• Alex on June 27, 2010, 10:04 GMT

    Ananth - re SMG's 20. Yes, it was at Sabina vs the full quartet but I was more referring to the fact that he was dropped 3 times in it.

    In Sydney for a few months. Trekked a pilgrimage to the SCG and watched an all-white-uniform game on a ground nearby! Such a contrast from the DYP stadium (which put up MI ad boards despite being Deccan's home ground!).

  • Alex on June 27, 2010, 9:58 GMT

    Ananth, HusseyFan, Boll: IMO, SRT's '98 back injury was a serious blow (to his credit, he adapted well). Injuries flared up after April '04 and stayed till Aug '06. After that, he stayed mediocre for 4-5 months (despite 141* & 65 vs WI in ODI's), and began to claw his way back in SA (Nov '06- Jan '07) and, esp., vs WI in Jan-Feb '07. So, we should view Apr '04 - Jan '07 as his injury period. His stats in this period:

    1. 21 tests, 35 inn, 1198 runs, 2 hundreds, 6 fifties, ave =39.98.

    2. 44 ODI's, 1494 runs, 3 hundreds, 9 fifties, ave=37.35.

    In a period where most his rivals hit their peaks, SRT was performing 30% below his _average_ in tests and 20% below his _average_ in ODI's ... even these averages were inflated by sudden bursts. I view the poor 2003 (in tests) as a normal dip but this period must be viewed as SRT's injury phase.

  • bhuvnesh on June 27, 2010, 8:45 GMT

    all these stats are g8 but everyone who has been discussing about tendulkar dravid etc have forgotten that one of the other significnt batsman in this decade doesnt even feature in this list of 20. i mean ricky ponting is not even there. but as people are deriding tendulkar and his low percent of SI forget that ponting is not even there. this doesnt mean ponting has been less of a batsman, but just means the team was stronger around that time. anyway stats are to be taken with a pinch of salt. and one should look at the whole picture, and things like age at debut and injuries etc and quality of opposition and the quality of team playing for etc. i am sure if dravid, lara etc debuted at 16 and played few years at international level before maturing then even their stats will be skewed a bit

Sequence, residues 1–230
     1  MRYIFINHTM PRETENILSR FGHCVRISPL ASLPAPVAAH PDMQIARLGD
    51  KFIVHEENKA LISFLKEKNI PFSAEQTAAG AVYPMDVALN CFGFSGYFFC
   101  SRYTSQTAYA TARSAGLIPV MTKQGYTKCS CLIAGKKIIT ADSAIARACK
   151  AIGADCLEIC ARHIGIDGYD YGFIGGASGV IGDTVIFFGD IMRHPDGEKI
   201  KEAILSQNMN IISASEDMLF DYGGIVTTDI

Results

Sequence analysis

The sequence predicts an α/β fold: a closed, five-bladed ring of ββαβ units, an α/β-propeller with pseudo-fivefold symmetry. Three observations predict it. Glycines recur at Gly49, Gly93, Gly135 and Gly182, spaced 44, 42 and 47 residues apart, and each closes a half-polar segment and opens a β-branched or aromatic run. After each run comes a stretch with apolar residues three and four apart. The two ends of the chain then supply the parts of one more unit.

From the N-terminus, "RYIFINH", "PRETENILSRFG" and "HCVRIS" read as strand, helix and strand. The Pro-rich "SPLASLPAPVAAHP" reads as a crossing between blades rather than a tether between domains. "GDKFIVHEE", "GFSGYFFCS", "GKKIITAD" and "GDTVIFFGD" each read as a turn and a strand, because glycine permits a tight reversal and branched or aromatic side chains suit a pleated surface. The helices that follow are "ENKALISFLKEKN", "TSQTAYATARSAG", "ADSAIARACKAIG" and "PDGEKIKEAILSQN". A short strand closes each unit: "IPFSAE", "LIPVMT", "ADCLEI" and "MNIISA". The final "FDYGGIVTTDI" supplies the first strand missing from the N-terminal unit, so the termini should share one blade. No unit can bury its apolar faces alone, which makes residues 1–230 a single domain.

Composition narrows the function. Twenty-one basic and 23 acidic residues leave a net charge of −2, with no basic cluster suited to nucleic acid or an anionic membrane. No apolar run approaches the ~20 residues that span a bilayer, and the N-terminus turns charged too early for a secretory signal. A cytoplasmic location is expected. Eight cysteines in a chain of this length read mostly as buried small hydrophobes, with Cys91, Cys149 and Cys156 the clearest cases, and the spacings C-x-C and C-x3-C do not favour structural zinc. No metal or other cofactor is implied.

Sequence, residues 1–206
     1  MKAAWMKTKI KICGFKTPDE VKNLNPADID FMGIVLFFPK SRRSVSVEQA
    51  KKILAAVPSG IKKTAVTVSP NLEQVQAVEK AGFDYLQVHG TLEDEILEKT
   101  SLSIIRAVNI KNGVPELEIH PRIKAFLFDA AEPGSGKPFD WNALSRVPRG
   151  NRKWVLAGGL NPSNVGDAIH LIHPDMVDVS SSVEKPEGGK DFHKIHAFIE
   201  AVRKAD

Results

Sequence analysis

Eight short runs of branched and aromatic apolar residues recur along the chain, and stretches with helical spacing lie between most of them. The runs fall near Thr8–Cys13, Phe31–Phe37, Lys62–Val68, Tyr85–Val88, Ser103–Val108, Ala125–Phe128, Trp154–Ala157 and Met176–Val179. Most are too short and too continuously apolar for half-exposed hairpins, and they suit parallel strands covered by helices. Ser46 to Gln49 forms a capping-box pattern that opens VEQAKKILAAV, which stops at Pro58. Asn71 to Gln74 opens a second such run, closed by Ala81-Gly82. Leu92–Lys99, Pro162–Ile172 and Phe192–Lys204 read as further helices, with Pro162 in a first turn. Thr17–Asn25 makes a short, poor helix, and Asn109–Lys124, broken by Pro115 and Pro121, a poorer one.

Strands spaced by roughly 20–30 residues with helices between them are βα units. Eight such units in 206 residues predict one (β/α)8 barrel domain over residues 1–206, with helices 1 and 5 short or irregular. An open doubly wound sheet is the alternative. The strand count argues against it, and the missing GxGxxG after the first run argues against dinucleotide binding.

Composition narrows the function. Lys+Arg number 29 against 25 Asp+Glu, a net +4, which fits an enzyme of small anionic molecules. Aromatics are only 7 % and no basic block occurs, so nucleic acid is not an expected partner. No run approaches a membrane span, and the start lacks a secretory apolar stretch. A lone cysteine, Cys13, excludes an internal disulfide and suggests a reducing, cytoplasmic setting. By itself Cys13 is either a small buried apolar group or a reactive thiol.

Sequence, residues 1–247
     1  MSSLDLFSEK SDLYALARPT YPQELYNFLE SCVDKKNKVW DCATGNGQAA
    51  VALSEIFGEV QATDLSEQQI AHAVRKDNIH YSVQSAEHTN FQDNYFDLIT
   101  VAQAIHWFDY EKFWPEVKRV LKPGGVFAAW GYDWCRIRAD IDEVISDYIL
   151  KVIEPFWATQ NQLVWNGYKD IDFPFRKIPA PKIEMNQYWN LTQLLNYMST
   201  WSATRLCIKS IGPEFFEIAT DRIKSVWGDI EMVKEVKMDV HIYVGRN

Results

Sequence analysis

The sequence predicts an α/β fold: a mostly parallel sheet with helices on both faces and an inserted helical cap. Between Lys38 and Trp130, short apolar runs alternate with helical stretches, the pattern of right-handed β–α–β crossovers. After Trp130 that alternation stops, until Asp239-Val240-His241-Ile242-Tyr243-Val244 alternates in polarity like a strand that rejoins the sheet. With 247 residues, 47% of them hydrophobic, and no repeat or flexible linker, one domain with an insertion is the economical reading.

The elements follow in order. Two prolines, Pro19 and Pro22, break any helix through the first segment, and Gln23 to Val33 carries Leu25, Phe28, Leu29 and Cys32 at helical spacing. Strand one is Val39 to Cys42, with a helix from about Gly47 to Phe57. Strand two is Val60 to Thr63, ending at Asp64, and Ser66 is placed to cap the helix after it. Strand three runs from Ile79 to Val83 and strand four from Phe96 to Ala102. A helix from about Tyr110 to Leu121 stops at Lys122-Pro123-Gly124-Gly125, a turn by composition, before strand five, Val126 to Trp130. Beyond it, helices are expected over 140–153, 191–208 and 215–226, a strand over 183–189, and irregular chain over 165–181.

• Boll on June 27, 2010, 7:42 GMT

    Sure Ananth, you make some very valid points. I certainly wasn`t questioning the validity of grand slam wins based on who people beat to get there, or who they defeat in a final. (Although looking back 20-30 years when the Australian Open tennis was often played in the absence of half of the top 10, or most of the 60s when many of the greats turned professional, I`m not sure a grand slam has always been a grand slam). Nevertheless, in a game such as tennis, grand slam wins are necessarily based on the ability of one player to beat another, which,particularly when comparing batsmen simply isn`t the case. Even when Australia are playing India, Ponting`s performance is largely independent of what Tendulkar does and vice versa. So, while in tennis it might be fair to argue that `so and so only won grand slams when such and such was injured`, to argue that Ponting only scored runs when Tendulkar was injured makes no sense at all. The rules weren`t changed, 1 run wasn`t suddenly worth 2...

  • Boll on June 27, 2010, 3:55 GMT

    ...nor is it the case, as it well might be in tennis, that the absence of 1 player reduces the `standing` of a grand slam win. If Federer wins the French in the absence of Nadal, people might fairly question its true worth. If Ponting scores a double hundred against England (here`s hoping) it hardly matters if Sachin is at home with his feet up or not.

    nor can Sachin`s problems be blamed on external forces -a la Rod Laver missing out on the chance to win many grand slams because he turned professional, Lillee and co. losing some of their best years to WSC, Bradman losing 8 (not the oft quoted 5) years to the war - apologies for the Aus focus. These are mitigating factors. Injury and bad form are part and parcel of the game, and while Tendulkar`s ability to surmount them and return as good as ever has been amazing, his performances during the period you mention are as much a legitimate part of his record as his more prolific periods. [[ Dave A grand slam is a grand slam just as a major is a major. Also remember that it was not as if Nadal was injured and was out of French Open last year. He was beaten fair and square by Soderling whose own first grand slam is not far off. That way should Nadal's this year's French Open win be questioned because he did not beat Federer in the Final. No way. I really feel that Rod Laver is the one whose numbers do not do justice to his greatness. There is no doubt that but for his decision to turn professional (his own decision, but prompted by the cup-and-best wishes reward for grand slam winners around the 1960s), he might have clocked 20 grand slams. Even Federer would have found that a very tough mountain to climb. Tiger Woods' absence does not lessen any of the major wins of the other golfers. And if Michelson ever overcomes that last hurdle to move to no.1 that would be a well-deserved move. Ananth: ]]